negatives, using the wet collodion process, printed on albumen paper,
and then gold toned. His unique work often made use of a second negative
to include a credible sky.
A number of Good’s photos were marketed by Francis Frith, in the Frith
Series, have an accompanying biblical quote, and are unsigned. Many of
his remarkable images are signed F.M. Good or FMG in a monogram on the
glass plate negative.
Good’s views are beautifully composed. They often include natives and
tourists, adding a touch of charm to the scene. He is considered by many
collectors and historians to be the best of the 19th c. Near East
Francis Frith arrived in Egypt in September 1856 to photograph its
ancient monuments and exotic sites. Over the next several years, he
returned twice to Egypt and Nubia and also traveled to Palestine,
capturing on his glass plate negatives the places depicted in the Holy
Well composed and printed on fine albumen coated paper, his images were
widely acclaimed and tremendously popular. Frith founded a major
photographic business and hired photographers, including Frank Mason
Good, to record the Near East and Europe for his eager public.
Frith’s prints are in every major private and museum collection of the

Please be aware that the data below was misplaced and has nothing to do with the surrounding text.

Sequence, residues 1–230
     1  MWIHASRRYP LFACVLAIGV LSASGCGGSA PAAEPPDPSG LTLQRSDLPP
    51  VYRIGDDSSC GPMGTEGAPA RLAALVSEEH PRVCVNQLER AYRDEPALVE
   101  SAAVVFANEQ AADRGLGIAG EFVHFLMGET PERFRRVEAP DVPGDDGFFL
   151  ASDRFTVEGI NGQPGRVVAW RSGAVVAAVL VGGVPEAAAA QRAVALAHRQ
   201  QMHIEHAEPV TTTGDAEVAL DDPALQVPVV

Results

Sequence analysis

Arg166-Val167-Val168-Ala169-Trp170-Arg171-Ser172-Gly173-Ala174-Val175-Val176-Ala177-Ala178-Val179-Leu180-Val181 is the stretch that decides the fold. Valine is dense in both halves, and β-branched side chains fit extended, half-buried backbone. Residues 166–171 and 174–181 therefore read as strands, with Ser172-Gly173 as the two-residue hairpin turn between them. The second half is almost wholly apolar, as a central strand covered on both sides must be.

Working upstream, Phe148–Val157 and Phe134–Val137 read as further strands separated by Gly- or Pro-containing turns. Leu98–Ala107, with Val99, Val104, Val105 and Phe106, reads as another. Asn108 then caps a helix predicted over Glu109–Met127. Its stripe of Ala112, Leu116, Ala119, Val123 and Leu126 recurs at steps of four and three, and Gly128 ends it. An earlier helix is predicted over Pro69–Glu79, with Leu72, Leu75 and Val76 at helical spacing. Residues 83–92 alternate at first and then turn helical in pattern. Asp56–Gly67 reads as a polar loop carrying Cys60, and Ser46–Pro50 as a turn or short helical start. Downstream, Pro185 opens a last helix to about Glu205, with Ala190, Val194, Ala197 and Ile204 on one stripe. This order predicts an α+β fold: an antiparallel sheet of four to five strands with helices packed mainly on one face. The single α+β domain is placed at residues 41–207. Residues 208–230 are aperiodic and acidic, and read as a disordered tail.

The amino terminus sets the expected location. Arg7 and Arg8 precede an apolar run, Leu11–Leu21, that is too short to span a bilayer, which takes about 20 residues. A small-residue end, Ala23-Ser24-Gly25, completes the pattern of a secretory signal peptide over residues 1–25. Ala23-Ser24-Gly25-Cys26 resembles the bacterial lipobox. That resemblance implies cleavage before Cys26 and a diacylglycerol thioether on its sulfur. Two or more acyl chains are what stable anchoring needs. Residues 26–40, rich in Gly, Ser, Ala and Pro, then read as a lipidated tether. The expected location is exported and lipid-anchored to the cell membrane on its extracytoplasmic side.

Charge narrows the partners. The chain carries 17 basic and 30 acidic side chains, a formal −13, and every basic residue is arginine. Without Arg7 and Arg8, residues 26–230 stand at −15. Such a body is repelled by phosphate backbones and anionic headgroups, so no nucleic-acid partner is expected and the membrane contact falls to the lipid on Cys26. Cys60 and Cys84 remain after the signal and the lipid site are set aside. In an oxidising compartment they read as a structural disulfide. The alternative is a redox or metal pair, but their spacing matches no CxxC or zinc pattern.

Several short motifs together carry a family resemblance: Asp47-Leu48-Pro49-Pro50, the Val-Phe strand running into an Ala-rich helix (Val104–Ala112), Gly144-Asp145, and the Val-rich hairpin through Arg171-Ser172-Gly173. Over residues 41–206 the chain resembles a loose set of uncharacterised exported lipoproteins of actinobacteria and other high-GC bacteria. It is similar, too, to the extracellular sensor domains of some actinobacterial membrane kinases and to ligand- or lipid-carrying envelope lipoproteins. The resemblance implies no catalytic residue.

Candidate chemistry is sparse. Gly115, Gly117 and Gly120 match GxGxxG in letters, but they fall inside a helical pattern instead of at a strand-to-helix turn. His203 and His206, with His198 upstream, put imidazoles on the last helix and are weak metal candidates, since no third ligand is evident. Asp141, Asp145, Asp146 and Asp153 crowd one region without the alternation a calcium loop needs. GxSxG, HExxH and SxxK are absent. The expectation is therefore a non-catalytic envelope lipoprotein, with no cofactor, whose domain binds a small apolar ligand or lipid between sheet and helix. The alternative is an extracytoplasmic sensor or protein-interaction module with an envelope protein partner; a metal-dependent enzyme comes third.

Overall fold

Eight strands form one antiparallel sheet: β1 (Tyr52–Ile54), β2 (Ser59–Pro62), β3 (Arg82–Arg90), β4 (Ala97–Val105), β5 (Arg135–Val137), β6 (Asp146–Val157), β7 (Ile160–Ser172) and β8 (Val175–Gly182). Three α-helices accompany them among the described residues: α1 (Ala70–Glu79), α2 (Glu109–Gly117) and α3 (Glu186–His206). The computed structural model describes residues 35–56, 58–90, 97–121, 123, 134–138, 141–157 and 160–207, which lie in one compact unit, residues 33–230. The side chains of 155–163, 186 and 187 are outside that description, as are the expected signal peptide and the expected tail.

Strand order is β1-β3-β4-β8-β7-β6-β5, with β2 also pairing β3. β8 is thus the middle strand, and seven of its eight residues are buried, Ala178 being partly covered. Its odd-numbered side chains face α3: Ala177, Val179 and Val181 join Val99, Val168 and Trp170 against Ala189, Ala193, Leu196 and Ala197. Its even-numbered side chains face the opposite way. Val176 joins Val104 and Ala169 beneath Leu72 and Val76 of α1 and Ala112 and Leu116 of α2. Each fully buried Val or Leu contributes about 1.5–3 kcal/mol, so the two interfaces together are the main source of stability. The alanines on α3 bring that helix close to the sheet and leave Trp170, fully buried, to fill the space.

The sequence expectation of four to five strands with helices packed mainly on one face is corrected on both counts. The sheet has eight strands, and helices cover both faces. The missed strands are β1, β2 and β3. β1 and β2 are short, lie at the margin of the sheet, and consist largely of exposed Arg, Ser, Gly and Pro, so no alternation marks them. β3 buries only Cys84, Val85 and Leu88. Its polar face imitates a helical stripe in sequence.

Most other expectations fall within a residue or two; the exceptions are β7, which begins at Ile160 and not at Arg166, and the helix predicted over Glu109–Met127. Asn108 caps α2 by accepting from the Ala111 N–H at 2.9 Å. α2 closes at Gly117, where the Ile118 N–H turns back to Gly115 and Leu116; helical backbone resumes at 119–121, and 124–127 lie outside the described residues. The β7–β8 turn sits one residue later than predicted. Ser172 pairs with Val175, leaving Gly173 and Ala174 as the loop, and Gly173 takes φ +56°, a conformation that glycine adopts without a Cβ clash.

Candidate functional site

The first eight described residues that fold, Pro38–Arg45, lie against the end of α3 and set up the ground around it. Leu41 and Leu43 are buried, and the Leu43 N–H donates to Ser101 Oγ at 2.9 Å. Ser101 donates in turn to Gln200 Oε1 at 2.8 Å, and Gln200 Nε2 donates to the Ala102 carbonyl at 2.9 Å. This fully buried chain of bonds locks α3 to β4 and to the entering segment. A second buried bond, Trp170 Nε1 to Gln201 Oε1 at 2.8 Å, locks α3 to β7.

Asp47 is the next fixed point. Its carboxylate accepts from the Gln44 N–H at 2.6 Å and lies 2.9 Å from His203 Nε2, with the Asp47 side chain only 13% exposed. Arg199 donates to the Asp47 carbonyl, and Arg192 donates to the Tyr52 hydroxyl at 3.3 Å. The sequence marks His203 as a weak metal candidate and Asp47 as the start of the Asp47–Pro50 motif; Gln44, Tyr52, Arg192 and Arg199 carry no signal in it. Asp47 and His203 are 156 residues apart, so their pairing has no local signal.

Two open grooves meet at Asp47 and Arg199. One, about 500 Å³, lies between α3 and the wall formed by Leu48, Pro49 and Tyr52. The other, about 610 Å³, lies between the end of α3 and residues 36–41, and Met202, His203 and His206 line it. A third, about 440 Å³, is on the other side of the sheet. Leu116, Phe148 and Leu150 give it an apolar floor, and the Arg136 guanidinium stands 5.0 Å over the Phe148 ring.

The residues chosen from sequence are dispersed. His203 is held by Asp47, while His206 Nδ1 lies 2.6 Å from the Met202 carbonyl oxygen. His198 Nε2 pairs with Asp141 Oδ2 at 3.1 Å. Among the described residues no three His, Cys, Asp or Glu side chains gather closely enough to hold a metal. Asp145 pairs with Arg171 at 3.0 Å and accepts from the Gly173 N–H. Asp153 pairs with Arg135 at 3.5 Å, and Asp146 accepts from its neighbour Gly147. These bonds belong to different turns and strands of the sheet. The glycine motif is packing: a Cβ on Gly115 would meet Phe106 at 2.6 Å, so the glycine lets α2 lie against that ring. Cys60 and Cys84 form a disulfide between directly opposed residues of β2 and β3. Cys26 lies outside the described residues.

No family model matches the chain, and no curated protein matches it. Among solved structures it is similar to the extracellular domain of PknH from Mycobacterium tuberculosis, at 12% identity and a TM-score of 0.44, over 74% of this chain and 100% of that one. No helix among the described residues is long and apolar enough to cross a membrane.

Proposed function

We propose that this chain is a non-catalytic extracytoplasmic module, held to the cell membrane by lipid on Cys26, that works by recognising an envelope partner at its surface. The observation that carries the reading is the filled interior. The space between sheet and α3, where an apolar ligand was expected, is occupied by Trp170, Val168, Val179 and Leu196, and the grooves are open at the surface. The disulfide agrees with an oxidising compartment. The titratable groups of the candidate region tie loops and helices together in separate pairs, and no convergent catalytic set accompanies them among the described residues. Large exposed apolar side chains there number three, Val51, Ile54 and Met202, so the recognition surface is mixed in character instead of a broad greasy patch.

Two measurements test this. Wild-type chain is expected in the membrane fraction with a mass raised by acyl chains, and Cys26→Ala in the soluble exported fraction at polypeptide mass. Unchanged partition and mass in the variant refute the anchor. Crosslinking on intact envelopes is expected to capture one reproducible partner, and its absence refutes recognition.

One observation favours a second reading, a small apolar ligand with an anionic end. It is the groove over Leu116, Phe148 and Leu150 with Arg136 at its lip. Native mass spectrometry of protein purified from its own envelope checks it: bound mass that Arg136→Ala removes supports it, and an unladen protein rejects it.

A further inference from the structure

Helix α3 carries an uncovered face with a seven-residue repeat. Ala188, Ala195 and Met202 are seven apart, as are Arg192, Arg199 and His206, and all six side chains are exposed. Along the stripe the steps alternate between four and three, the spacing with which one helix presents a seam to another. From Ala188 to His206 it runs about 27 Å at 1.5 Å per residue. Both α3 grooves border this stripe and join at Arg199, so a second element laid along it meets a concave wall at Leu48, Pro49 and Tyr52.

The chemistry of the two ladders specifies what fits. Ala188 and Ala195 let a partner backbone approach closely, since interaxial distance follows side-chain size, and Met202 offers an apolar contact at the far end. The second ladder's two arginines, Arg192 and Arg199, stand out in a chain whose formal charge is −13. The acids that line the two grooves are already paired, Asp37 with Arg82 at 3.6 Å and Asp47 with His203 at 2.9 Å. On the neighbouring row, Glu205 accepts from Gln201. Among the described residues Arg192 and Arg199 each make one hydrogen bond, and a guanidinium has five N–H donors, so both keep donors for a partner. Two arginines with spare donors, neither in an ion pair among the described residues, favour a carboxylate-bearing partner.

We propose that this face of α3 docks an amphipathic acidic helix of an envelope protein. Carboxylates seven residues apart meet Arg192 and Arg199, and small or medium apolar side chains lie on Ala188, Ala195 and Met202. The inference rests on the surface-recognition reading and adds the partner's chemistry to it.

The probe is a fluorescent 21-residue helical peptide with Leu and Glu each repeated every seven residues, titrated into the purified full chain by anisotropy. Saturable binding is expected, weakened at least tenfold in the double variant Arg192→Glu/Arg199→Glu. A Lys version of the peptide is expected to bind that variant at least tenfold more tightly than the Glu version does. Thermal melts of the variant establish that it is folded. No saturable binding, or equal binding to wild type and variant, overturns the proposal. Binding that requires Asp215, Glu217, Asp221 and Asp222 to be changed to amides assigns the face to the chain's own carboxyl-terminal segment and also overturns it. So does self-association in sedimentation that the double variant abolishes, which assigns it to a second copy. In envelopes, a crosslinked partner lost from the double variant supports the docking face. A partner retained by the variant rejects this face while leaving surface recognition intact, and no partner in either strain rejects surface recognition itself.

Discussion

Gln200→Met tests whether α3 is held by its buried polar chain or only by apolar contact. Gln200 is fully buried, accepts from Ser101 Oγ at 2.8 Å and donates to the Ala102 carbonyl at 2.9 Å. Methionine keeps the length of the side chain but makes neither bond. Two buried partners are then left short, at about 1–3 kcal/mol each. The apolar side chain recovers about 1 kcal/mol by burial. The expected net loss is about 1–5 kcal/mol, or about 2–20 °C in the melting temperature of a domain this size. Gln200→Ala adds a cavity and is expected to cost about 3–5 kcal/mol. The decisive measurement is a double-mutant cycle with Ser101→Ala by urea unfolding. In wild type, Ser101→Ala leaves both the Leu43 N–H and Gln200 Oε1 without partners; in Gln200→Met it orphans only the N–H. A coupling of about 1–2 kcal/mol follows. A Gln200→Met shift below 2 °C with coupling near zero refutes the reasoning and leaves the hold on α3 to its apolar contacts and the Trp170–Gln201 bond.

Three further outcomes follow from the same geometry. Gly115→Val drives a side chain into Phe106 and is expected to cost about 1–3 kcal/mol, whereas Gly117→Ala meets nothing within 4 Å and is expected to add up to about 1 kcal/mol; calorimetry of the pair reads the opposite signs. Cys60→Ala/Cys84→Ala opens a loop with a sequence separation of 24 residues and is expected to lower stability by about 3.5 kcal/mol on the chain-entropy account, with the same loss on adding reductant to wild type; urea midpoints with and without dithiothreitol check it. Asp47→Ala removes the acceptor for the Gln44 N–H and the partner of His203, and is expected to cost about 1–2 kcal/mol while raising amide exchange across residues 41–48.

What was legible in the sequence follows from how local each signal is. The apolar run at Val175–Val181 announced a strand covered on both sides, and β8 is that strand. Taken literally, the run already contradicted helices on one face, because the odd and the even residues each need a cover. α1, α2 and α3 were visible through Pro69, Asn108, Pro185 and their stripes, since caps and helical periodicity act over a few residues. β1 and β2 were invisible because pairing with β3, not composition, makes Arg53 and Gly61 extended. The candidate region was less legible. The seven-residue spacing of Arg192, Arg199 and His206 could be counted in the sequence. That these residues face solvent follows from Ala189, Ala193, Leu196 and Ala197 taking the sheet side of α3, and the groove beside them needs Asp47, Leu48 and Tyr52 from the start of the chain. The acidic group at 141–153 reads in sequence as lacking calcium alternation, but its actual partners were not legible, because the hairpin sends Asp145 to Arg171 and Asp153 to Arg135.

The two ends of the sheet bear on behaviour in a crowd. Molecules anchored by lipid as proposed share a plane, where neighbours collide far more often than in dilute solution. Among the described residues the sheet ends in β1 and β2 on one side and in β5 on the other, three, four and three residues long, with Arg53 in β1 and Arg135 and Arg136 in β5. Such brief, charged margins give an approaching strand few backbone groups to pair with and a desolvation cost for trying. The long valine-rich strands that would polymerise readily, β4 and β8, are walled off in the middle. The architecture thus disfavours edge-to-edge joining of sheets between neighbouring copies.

19th century Near East photography.
Antonio Beato opened his photographic studio and business in Cairo in
1862. He used the glass plate wet collodion process negative, and
printed his views on thin paper coated with egg white (albumen).
Until almost thirty years later, and the introduction of the first Kodak
camera, tourists were unable to snap their own pictures, and eagerly
sought out Beato’s architectural, landscape and genre scenes. These were
the postcards of the 19th century. At home, these images were often
pasted in an album, and provided, for family and friends, a detailed
tour of an exotic adventure.
Antonio Beato prints of this quality are rarely, if ever, seen, even in
GEORGIO SOMMER (SOMER)
Georgio Sommer, a German-born photographer, officially began his career
with the opening of his studio in Naples in 1857. Within several years,